Combined with rockets and space the imagery could readily be termed 'space cadet', but it wasn't the only area of science to influence wider society. Biological research was undergoing a resurgence, which may explain why stylised x-ray forms, amoebas and bodily organs become ubiquitous on textiles, furnishings, and fashion. Lighting fixtures were a standout example of items utilising designs based on the molecular models used in research laboratories (which famously gave Crick and Watson the edge in winning the race to understand the structure of DNA).

Monumental architecture also sought to represent the world of molecules on a giant scale, culminating in the 102 metre-high Atomium built in Brussels for the 1958 World's Fair. It could be said that never before had science- and technological-inspired imagery been so pervasive in non-STEM arenas.

4) Minimalism and information technology

From the early 1970s the bright, optimistic designs of the previous quarter century were gradually replaced by the cool, monochromatic sophistication of minimalism. Less is more became the ethos, with miniaturisation increasing as solid-state electronics and then integrated circuits became available. A plethora of artificial materials, especially plastics, meant that forms and textures could be incredibly varied if refined.

Perhaps a combination of economic recession, mistrust of authority (including science and a military-led technocracy) and a burgeoning awareness of environmental issues led to the replacement of exuberant colour with muted, natural tones and basic if self-possessed geometries. Consumers could now buy microcomputers and video games consoles; what had previously only existed in high-tech labs or science fiction became commonplace in the household. Sci-fi media began a complex two-way interaction with cutting-edge science; it's amazing to consider that only two decades separated the iPad from its fictional Star Trek: The Next Generation predecessor, the PADD.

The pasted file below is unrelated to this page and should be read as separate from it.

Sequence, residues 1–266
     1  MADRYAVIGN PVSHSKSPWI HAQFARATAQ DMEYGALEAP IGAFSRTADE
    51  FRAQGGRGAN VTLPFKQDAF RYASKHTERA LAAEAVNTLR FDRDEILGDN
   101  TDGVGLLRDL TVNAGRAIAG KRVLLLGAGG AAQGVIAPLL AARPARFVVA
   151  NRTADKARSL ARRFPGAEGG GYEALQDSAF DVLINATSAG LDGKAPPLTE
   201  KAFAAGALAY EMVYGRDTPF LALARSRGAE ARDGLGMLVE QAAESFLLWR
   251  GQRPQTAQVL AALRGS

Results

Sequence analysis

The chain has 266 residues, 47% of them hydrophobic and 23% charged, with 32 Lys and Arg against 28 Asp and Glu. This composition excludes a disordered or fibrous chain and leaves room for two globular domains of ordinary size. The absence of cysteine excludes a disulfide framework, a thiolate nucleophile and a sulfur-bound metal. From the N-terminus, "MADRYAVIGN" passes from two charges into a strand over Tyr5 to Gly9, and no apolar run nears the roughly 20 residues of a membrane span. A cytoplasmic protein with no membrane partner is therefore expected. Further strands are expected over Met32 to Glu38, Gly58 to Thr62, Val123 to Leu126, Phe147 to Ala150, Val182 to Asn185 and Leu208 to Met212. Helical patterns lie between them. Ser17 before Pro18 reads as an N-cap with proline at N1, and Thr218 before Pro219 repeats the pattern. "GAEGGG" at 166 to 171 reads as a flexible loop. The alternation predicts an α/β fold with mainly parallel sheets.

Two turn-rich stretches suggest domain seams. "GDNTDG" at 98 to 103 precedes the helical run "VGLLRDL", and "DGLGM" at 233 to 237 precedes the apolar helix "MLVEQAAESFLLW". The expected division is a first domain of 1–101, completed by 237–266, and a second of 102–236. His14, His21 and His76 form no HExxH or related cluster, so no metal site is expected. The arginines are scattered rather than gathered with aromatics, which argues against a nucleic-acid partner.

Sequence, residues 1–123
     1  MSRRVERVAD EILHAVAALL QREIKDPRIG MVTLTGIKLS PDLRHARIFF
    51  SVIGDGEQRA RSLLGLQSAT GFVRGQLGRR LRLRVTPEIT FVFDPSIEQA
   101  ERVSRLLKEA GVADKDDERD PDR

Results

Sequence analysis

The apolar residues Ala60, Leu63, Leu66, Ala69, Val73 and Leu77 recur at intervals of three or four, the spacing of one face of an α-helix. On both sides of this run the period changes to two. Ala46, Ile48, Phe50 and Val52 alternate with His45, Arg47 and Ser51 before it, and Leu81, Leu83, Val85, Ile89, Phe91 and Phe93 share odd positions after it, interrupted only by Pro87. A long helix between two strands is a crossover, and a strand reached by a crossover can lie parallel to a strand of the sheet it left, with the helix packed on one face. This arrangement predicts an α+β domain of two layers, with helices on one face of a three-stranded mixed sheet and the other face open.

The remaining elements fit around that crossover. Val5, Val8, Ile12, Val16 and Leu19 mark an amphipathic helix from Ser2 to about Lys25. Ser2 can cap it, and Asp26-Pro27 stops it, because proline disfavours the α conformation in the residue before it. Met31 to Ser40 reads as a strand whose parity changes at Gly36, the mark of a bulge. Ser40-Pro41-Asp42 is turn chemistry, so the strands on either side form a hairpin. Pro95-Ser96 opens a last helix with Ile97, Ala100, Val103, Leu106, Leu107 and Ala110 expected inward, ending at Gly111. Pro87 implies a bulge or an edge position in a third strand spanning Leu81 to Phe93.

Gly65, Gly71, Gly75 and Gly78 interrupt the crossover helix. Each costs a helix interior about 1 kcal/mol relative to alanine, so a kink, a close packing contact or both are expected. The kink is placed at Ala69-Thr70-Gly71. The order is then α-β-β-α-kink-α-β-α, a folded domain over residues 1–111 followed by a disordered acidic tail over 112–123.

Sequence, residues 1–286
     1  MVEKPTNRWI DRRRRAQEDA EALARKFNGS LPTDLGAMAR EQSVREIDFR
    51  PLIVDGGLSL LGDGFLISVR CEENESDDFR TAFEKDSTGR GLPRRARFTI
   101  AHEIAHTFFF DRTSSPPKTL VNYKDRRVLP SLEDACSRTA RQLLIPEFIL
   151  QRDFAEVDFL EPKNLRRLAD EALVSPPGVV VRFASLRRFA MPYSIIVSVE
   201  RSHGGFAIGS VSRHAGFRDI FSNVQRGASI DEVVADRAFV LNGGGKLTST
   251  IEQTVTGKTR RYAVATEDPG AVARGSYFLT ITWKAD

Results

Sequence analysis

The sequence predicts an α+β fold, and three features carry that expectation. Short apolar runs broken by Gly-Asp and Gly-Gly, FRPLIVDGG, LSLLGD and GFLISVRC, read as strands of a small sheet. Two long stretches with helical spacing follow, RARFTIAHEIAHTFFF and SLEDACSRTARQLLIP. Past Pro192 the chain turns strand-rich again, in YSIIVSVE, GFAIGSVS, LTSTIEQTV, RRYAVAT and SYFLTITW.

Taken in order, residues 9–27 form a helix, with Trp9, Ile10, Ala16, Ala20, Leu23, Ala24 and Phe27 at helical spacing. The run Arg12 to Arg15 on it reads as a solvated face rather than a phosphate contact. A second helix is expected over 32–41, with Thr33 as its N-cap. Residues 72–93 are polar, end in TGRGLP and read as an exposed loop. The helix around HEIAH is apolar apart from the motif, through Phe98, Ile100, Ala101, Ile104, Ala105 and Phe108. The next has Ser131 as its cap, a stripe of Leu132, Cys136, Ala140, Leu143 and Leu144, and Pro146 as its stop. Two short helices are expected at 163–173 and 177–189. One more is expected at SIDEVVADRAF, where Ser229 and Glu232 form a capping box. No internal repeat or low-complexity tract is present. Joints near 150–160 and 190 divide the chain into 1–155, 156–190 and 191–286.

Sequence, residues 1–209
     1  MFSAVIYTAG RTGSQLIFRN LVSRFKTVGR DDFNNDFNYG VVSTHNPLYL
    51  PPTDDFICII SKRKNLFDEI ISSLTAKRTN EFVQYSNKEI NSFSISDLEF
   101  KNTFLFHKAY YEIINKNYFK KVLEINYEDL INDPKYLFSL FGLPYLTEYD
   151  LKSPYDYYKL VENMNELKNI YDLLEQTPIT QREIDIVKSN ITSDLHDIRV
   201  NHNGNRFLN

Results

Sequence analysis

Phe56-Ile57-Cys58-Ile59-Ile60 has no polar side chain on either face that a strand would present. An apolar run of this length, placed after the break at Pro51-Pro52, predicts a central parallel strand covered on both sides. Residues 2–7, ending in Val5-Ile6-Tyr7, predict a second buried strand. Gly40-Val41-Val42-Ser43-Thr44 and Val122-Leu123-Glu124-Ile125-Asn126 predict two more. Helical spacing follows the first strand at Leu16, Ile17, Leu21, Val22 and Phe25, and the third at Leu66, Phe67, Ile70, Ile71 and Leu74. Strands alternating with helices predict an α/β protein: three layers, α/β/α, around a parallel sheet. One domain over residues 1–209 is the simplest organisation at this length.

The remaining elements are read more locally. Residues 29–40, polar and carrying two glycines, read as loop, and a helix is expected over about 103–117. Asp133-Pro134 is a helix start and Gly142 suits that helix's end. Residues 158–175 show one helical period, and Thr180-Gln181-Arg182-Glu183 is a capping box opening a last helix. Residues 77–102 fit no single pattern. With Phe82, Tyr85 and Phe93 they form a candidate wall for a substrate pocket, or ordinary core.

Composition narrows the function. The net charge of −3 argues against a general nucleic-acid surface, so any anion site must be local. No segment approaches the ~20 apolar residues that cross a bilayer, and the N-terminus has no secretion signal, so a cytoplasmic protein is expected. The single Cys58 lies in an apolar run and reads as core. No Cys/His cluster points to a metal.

5) Virtual light

With ultra high-energy experiments such as nuclear fusion reactors and the ubiquity of digital devices and content, today's science-influenced designs aim to be simulacra of their professional big brothers. As stated earlier, although consumer technology is farther removed from mega-budget science apparatus than ever, the former's emphasis on virtual interfaces is part of a feedback loop between the two widely differing scales.

The blue and green glowing lights of everything from futuristic engines to computer holographic interfaces in many Hollywood blockbusters are representations of both the actual awesome power required by the likes of the Large Hadron Collider and as an analogy for the visually-unspectacular real-life lasers and quantum teleportation, the ultimate fusion (sorry, couldn't resist that one) being the use of the real National Ignition Facility target chamber as the engine core of the USS Enterprise in Star Trek: Into Darkness.